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President Obama Skin ‘Blackened’ in Racist GOP Campaign Ads, Study Says

President Obama's skin-tone was darkened in 2008 GOP campaign ads, according to a new study. These images were shown as examples. (Photo: Public Opinion Quarterly)

President Obama’s skin-tone was darkened in 2008 GOP campaign ads, according to a new study. These images were shown as examples. (Photo: Public Opinion Quarterly)

President Obama’s skin tone was digitally altered in 2008 Republican campaign ads to make him appear darker and more sinister, according to a new study. The ads were designed to appeal to voters’ racial prejudices and tie Obama closely to crime and radical activists. Even Hillary Clinton used the tactic, the study says.

The Oxford Public Opinion Quarterly reported that researchers studied 126 campaign ads going back to Obama’s first run for president in 2008.

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“The data show that the darkest images of Obama appear in the most negative, stereotype-consistent ads,” according to the study.

Publication of the study comes at a time when GOP presidential candidate Donald Trump has been accused of playing to racial stereotypes to appeal to voter prejudices.

The ads portraying Obama with darker skin focused on claims crime would rise if he were elected. Of the ads studied, those linking him with radical Chicago activist Bill Ayres or crime showed him with darker skin 86 percent of the time, according to the study.

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Obama is light-skinned. His mother was white and his father was African-American.

Thee researchers also found that images of 2008 Republican presidential opponent John McCain were also altered to make him appear fairer skinned. Those images were often juxtaposed with images of a darker Obama.

Changing skin-tone and other subtle changes are known as “dog whistle” tactics. They are designed to send subliminal messages to people who harbor prejudices that others may not readily comprehend.

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Researchers had this to say:

“We expected to see darker portrayals of Obama in ads that attempt to tie him to crime, based on the stereotyping literature reviewed. Indeed, in attack ads that associated Obama with alleged criminal activity by leftists, the probability that the ad contained one of the darkest images is 86 percent, compared to 30 percent for other ads.”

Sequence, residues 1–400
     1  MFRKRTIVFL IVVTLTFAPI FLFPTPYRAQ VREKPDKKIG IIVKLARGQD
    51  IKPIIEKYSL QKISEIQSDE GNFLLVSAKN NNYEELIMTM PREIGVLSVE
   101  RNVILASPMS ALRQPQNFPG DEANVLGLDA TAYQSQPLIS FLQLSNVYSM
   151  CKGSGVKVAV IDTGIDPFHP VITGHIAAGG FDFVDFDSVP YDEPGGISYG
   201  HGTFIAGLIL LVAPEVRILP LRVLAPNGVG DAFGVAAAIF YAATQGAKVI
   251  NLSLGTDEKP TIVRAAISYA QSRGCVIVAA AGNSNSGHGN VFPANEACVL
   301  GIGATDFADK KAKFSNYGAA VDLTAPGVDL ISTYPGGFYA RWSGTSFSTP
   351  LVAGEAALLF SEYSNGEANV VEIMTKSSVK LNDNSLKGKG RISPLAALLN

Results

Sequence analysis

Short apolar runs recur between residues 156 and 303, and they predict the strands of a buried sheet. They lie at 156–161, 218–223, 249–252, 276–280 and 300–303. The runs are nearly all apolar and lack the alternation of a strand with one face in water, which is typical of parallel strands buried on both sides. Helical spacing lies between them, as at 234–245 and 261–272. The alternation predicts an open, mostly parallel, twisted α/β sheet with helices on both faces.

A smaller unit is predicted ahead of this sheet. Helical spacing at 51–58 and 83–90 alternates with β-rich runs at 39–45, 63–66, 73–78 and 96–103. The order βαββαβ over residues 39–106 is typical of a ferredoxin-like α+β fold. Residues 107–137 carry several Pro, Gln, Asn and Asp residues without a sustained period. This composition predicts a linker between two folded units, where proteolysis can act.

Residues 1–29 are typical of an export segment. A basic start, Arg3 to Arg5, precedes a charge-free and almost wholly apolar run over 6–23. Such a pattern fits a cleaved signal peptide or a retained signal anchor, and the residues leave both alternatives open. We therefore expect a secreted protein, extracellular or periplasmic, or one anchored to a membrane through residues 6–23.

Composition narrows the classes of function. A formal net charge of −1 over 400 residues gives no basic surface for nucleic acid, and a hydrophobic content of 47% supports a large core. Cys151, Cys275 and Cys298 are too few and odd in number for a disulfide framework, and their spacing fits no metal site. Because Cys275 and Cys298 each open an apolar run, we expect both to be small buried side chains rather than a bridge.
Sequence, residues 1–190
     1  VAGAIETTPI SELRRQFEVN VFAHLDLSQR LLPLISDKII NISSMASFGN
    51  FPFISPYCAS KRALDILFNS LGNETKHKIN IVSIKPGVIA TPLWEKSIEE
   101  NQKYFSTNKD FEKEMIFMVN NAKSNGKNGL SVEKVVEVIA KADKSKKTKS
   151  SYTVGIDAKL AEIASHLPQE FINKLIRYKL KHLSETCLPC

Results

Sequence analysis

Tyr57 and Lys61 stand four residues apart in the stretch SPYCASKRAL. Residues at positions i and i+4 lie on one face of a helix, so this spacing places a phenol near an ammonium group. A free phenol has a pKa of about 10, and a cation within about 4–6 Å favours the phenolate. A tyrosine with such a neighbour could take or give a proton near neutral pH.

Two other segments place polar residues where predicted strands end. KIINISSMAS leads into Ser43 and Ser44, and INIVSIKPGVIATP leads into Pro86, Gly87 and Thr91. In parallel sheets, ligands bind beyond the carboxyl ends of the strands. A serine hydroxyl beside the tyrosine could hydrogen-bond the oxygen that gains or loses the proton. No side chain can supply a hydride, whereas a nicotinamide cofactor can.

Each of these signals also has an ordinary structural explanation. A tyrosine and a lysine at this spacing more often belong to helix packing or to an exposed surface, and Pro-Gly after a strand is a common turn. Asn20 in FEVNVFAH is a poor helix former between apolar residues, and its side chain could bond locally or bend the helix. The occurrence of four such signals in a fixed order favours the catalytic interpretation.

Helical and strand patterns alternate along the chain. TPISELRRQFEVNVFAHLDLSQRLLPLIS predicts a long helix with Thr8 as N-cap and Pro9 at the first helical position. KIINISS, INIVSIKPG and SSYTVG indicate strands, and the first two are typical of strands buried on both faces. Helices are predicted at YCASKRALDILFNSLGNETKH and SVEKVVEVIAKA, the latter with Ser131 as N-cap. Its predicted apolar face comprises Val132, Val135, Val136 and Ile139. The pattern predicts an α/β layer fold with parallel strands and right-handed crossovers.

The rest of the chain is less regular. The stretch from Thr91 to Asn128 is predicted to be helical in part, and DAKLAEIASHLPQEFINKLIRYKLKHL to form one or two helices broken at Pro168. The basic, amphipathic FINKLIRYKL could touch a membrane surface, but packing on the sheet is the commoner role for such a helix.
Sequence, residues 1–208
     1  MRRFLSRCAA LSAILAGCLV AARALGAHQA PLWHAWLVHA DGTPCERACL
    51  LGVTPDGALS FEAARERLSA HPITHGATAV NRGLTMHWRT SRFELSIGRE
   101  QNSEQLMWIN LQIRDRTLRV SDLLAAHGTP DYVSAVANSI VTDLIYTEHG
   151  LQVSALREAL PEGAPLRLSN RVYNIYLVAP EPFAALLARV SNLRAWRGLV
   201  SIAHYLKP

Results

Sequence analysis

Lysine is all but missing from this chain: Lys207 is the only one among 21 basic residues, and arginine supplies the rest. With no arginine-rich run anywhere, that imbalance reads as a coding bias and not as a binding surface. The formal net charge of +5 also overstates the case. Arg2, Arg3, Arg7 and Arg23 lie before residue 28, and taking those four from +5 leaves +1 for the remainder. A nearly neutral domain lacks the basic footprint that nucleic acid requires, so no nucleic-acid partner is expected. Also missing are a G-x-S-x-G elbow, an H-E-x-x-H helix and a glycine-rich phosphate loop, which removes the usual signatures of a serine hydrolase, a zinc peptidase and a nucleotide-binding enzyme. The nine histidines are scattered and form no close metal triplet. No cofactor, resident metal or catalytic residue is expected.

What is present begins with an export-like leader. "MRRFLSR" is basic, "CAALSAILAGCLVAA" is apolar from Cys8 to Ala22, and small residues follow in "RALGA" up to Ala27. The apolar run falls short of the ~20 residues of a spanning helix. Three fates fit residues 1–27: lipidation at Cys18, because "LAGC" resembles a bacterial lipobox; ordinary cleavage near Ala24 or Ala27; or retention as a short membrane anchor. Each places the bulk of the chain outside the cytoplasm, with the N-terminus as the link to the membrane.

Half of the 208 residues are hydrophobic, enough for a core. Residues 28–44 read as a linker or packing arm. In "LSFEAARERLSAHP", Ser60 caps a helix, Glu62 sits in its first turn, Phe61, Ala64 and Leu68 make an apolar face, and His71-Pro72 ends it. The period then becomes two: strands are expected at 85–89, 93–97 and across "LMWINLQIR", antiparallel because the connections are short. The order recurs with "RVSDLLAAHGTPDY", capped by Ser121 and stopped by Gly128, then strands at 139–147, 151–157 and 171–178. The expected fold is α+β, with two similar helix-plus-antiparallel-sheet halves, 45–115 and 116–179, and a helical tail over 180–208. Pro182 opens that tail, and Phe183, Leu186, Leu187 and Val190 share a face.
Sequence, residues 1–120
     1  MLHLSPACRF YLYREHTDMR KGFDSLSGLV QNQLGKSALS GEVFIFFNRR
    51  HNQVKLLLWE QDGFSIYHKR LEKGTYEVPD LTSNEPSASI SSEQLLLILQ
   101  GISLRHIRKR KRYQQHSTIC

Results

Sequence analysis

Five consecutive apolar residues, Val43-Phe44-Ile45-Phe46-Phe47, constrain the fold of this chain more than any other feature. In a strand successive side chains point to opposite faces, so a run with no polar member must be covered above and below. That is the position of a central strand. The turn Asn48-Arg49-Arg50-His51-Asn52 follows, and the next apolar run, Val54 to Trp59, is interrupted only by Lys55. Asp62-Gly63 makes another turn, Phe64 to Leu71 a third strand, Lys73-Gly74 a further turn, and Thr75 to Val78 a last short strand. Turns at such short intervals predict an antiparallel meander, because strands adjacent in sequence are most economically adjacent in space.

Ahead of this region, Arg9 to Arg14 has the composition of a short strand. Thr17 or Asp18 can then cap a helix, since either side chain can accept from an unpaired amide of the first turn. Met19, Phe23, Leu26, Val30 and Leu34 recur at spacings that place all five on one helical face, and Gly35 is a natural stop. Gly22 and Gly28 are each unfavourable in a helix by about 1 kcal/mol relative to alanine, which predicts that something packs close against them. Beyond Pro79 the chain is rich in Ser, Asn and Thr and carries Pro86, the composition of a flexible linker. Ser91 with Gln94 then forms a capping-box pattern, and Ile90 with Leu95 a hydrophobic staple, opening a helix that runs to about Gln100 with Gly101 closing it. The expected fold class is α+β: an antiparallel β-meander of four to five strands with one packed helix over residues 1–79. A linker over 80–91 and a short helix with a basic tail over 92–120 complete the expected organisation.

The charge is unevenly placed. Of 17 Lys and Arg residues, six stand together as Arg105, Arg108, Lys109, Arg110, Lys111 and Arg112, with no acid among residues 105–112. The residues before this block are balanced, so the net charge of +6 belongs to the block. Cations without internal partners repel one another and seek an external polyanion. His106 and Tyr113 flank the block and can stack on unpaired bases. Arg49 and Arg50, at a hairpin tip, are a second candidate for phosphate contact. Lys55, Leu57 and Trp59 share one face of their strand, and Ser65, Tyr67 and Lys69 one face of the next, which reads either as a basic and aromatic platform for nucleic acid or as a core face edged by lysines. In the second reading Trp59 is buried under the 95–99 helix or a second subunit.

Even Hillary Clinton apparently wasn’t above using “dog whistle” tactics to make President Obama seem more sinister. During the 2008 Democratic primary, Obama was portrayed with darker skin and wider facial features. She was called out for it at the time.

 

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“These findings help explain why darker depictions of Obama decreased support for his candidacy during the 2008 primary campaign and why people tend not to prefer hypothetical black candidates with a darker complexion,” they wrote.

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“Together, the evidence we present shows that manipulating or selecting images of a Black candidate with a darker complexion can shape how individuals respond to political advertisements and think about politics.” In this election cycle, Ben Carson, an African-American and noted surgeon is running in the Republican primary for president. His features are far darker than Obama’s. His campaign has faded in recent weeks because of notable discrepancies about events portrayed in books he’s authored.

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The appeal to racial prejudice was used effectively in the 1988 presidential campaign. It pitted Republican George H.W. Bush against Democrat Michael Dukakis, the former governor of Massachusetts.

Bush, in a series of devastating ads, tied Dukakis to Willie Horton, a convicted felon, who committed a rape after he was released under a Massachusetts furlough program during Dukakis’ term in office. Bush cited Horton in repeated campaign speeches.”By the time we’re finished, they’re going to wonder whether Willie Horton is Dukakis’ running mate,” Bush political adviser Lee Atwater said at the time.

The study is titled: “Bias in the Flesh: Skin Complexion and Stereotype Consistency in Political Campaigns.” Solomon Messing, Director of Data Labs at the Pew Research Center in Washington, DC is the lead author.

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